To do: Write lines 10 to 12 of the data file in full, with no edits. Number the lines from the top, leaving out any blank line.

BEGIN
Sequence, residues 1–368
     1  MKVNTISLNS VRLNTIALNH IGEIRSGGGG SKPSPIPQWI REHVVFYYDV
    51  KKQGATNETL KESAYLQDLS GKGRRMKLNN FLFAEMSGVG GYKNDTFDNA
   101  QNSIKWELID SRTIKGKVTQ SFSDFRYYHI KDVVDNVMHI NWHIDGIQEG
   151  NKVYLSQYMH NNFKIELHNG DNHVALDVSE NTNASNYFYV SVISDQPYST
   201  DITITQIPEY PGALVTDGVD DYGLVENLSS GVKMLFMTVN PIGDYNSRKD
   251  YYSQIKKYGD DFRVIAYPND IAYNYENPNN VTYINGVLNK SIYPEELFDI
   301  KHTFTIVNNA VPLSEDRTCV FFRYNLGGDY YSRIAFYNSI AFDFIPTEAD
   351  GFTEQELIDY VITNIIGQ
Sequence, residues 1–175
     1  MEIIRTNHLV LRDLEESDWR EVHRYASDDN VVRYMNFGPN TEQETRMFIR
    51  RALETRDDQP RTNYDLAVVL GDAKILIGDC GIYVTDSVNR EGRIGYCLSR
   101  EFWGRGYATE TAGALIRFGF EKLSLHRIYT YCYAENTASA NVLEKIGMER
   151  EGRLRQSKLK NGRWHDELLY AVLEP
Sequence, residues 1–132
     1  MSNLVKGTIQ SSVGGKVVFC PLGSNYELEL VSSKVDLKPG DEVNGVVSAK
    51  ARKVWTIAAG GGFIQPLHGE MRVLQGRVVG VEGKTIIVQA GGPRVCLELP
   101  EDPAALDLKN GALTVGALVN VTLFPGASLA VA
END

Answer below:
Sequence, residues 1–175
     1  MEIIRTNHLV LRDLEESDWR EVHRYASDDN VVRYMNFGPN TEQETRMFIR
    51  RALETRDDQP RTNYDLAVVL GDAKILIGDC GIYVTDSVNR EGRIGYCLSR